“Teachers are professionals,” Elia said. “They didn’t want to have something done to them; they wanted to be part of it.”

The initial Common Core standards development left teachers out, which caused a backlash from teachers unions. It led to a moratorium on using the test results to evaluate students or teachers until at least the 2019-20 school year. The company that wrote the tests was fired, and the new company writes questions with the input of teachers.

A statement from the teachers union, New York State United Teachers, commended Elia and the other education officials for “showing a commitment” to fixing the problem.

The New York State School Boards Association, which often found itself in the middle of the fights, is also pleased. The group’s Tim Kremer said he’s never seen a more “open or transparent” process, and he praised the education commissioner for traveling the state to gather input.

“Trying to make sure that people were included, and that this meets the needs of as many people as possible,” Kremer said. “I think she’s got it right.”

Now that the new standards are out, there will be a public comment period before the full Board of Regents vote at its June meeting. The documents are available at the state education department’s website.

The post NY Ed Commish Reports Progress On New Standards As Exam Boycotts Continue first appeared on WSKG.]]>When your child first learns to multiply two two-digit numbers, she will use the area model. This visual tool illustrates how to decompose numbers and find four different products. As her skills improve, she will move from this pictorial model into a concrete method called partial products.

Using partial products to solve forty-three times fifty-six, looks like this. She will start by multiplying tens times tens. Next, she will multiply tens times ones. Then, ones times tens and last, ones times ones.

These are called partial products. This is the product, or answer. Using partial products removes the pictorial step but places the same emphasis on the actual value of the numbers being multiplied.

By the end of fourth grade, your child will use the standard algorithm to multiply! This algorithm is used to develop an abstract level of understanding. If she jumps right to using the algorithm,

she will not develop the conceptual understanding of multiplying two-digit numbers.

The standard algorithm has fewer lines of work because your child has a greater understanding of what she’s multiplying! Your child knows the actual value of these products because she has a strong understanding of partial products.

And that’s good to know.

This video addresses Common Core Grade 4 Standard Number & Operations in Base Ten: Use place value understanding and properties of operations to perform multi-digit arithmetic.

(4.NBT.5) Multiply a whole number of up to four digits by a one-digit whole number, and multiply two two-digit numbers, using strategies based on place value and the properties of operations. Illustrate and explain the calculation by using equations, rectangular arrays, and/or area models.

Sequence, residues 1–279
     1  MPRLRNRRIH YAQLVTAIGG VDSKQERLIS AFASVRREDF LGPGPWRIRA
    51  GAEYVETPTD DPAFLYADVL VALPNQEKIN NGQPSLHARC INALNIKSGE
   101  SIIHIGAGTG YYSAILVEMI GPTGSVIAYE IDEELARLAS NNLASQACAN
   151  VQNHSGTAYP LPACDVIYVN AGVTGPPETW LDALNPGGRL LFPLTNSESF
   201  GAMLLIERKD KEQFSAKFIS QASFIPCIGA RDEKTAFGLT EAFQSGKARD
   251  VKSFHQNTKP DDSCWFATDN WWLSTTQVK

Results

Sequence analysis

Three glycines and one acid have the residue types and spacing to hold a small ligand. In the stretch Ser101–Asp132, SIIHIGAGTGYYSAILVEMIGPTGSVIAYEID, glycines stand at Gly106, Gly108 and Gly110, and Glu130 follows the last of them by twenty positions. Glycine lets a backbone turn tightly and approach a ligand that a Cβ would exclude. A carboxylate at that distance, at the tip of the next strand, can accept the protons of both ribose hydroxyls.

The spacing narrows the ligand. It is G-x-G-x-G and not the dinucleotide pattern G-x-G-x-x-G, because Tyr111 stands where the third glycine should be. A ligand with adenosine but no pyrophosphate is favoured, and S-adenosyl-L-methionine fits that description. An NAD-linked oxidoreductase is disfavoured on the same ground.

The post Partial Products first appeared on WSKG.]]>When first learning to multiply two two-digit numbers your child will use the area model.

To start, your child will use her knowledge of place value to decompose into tens and ones. To decompose means to break apart. Let’s decompose these numbers by the value of each digit.

The value of two tens is twenty. The value of three ones is three. Three tens is thirty. And five ones is five. Decomposing numbers allows your child to use the multiplication fluency she developed in third grade to multiply large numbers with mental math.

So, what is twenty-three times thirty-five?

Three tens times two tens equals sixty tens or six-hundred. Thirty tens times three equals nine tens or ninety. Twenty tens times five equals ten tens or one-hundred. And three times five equals fifteen.

Your child will then add these products together. Six-hundred plus ninety equals six-hundred ninety. One-hundred plus fifteen equal one-hundred fifteen. By fourth grade, your child will fluently add three-digit numbers, like this, using the standard algorithm.

Your child can clearly see why twenty-three times thirty-five equals eight-hundred-five. The area model gives your child a visual representation that decomposes the numbers she is multiplying. At this point in fourth grade, your child is developing a pictorial level of understanding,

which will give her a strong foundation for using partial products and, later, using the standard algorithm to multiply.

And that’s good to know.

This video addresses Common Core Grade 4 Standard Number & Operations in Base Ten: Use place value understanding and properties of operations to perform multi-digit arithmetic. Multiply a whole number of up to four digits by a one-digit whole number, and multiply two two-digit numbers, using strategies based on place value and the properties of operations. Illustrate and explain the calculation by using equations, rectangular arrays, and/or area models.

The post Area Model first appeared on WSKG.]]>Your child’s introduction to multiplication is through repeated addition. He will draw an array to visualize, or see, five groups of four stars. He will count the stars and find the total.

As his understanding improves, he will skip count to find the total more efficiently. Your child will use a variety of visual models, to represent multiplication as he works toward developing multiplication fluency.